Telstra’s broadband outage: How a minor software change became a big problem

Minor update causes major problems

What should have been a straightforward software update to a DNS server last week snowballed into a major broadband outage for Telstra from which the telco is still recovering.

“We are incredibly apologetic to our customers for the inconvenience that’s been caused to them by this recent service interruption,” Telstra’s chief operations officer Kate McKenzie said today.

The update that was the initial cause of the widespread problem for Telstra broadband customers was rolled out on Thursday night last week.

“A software update to one of our domain name servers caused that server to go down,” McKenzie said.

“It had a flow-on effect to our customers’ modems and they couldn’t undertake the regular check that they normally do in that environment. We actually fixed the software bug overnight on Thursday night and on Friday morning we had thought that the problem was resolved, but then what happened was that we didn’t anticipate the flow-on effect.”

“We do hundreds and hundreds of changes every night of the week and history shows that we get those correct,” said Telstra’s head of networks, Mike Wright.

“This particular change really just caused a short outage in a DNS and should have had no consequential impact,” Wright said.

However the outage uncovered an unknown behaviour in Telstra modems after their heartbeat system failed to detect the network.

“A few of the modems had a residual problem in software that caused them to continually reboot and that’s really been what we’ve been managing and recovering from for the most of this time,” Wright said.

In many cases the issues could be fixed by power cycling the modem or performing a factory reset, but Telstra has begun shipping out free modems to a small number of customers who have continued to suffer problems.

“We’re working with our partners and vendors; we’ll get to the bottom of the actual issue and [be] able to send out a software update once we understand it fully and we’re comfortable that it’s been tested properly. That should protect us against that particular bug,” Wright said.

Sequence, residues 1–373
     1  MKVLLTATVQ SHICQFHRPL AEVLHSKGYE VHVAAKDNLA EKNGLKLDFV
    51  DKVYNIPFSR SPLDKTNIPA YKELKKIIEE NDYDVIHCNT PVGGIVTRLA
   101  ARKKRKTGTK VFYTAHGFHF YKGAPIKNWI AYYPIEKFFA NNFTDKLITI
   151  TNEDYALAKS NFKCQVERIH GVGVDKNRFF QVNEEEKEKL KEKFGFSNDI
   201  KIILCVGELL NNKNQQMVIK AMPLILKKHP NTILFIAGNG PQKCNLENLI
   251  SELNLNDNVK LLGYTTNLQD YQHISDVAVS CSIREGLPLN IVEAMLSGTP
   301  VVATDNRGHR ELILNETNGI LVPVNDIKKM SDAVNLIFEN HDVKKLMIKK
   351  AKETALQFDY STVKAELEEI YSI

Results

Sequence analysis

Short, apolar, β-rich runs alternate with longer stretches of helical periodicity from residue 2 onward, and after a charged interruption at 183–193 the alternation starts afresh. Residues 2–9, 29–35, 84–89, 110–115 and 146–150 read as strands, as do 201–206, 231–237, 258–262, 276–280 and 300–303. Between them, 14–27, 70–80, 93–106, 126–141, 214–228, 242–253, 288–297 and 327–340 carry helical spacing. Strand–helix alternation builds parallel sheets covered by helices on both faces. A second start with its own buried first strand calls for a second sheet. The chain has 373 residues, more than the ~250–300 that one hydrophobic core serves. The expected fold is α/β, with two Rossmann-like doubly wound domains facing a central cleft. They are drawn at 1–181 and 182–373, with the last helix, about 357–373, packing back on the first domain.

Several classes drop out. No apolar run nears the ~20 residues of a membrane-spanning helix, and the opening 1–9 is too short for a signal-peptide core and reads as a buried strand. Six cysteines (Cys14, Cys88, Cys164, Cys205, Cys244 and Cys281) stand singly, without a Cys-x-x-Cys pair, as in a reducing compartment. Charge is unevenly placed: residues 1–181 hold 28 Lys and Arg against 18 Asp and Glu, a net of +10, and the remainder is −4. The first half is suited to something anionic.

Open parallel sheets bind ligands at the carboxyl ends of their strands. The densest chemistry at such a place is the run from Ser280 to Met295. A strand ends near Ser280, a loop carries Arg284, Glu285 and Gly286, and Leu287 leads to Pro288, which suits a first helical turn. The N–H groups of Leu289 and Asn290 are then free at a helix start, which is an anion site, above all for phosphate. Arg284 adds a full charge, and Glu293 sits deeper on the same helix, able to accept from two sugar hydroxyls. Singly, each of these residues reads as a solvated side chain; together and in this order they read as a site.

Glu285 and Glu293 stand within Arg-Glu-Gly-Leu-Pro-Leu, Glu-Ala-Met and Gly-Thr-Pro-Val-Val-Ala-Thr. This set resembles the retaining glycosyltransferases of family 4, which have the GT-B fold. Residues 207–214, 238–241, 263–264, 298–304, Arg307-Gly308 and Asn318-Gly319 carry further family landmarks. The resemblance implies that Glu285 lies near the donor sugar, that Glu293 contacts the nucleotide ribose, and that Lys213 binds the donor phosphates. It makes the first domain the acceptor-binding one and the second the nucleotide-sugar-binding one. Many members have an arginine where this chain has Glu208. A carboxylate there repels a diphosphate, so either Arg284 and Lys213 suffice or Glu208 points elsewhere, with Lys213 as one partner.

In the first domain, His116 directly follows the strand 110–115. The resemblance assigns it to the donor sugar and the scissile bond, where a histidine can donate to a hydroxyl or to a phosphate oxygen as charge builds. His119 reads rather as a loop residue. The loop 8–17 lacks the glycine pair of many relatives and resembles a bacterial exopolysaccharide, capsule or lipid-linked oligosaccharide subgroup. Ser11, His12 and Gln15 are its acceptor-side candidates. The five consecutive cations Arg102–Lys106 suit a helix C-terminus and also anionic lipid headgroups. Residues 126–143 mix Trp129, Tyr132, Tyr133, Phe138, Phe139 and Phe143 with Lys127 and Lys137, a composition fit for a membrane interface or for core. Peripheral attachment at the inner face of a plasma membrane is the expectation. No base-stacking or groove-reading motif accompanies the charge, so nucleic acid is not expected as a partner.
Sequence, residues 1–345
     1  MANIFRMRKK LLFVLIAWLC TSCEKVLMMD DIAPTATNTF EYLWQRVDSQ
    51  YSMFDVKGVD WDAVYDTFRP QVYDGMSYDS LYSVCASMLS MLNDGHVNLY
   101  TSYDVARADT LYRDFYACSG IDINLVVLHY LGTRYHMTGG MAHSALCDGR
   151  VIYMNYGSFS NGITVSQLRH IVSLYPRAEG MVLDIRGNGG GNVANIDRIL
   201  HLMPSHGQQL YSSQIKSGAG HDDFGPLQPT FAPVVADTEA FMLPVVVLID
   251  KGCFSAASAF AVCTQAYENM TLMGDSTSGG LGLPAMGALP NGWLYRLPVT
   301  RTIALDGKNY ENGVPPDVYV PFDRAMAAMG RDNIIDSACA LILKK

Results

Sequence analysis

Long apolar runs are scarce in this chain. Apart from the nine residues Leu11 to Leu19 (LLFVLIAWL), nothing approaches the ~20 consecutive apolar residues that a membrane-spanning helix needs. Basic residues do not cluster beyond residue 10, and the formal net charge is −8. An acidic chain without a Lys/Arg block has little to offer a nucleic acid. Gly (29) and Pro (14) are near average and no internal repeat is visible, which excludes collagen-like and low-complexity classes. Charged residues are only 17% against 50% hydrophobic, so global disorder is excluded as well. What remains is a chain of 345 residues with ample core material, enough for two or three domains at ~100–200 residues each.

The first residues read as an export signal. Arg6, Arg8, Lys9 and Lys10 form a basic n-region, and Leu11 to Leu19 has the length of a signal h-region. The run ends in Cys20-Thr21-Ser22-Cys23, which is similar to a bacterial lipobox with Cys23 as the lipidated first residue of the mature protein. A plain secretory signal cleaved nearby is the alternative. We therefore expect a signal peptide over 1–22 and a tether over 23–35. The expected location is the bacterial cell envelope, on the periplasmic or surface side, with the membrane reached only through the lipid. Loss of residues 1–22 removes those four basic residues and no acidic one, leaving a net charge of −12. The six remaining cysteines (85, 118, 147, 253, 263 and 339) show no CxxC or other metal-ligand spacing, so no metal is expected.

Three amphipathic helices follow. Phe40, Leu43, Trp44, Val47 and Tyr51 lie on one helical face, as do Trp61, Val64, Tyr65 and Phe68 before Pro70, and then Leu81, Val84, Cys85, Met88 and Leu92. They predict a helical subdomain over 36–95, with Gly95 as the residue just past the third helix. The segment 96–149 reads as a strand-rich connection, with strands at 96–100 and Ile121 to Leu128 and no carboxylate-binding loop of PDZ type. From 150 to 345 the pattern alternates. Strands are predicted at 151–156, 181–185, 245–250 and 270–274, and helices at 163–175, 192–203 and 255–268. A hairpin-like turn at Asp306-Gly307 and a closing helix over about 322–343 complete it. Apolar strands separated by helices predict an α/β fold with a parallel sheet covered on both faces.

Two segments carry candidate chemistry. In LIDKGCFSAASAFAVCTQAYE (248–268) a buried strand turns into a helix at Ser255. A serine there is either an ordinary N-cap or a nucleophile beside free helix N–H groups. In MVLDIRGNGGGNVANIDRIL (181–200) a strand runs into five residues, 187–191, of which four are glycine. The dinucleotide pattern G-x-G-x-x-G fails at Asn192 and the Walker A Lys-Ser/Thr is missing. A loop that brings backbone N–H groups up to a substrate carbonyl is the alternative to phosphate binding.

“We’ll do a very thorough look at precisely what happened and if we need to make any adjustments to procedures or talk to our vendors about different ways of doing these things,” McKenzie said.

The problem affecting the telco’s fixed line broadband services follow on from a series of high-profile service disruptions for Telstra’s mobile services earlier this year.

In response Telstra commissioned a network review and has since said it will spend $50 million on measures to prevent a repeat of those problems.

Telstra suffered a major mobile outage in February, which the telco blamed on human error. In March Telstra’s network suffered two bouts of problems.

“While no network operator in the world can guarantee that disruptions will not occur from time to time, what we can do is reduce the likelihood and the impact of those disruptions,” Telstra CEO Andrew Penn said in a speech earlier this month at an event hosted by the American Chamber of Commerce in Australia.

“We are acutely aware of the impact the outages had on our customers and we are committed to rebuilding their trust in us by meeting, if not exceeding, those expectations every day.

“That is the experience we are aiming to offer our customers: The right offer, the right services, the latest product and technology, at the right time on the best networks.”

Join the Computerworld newsletter!

Error: Please check your email address.

Tags NetworkingbroadbandTelecommunicationsTelstra

More about

Show Comments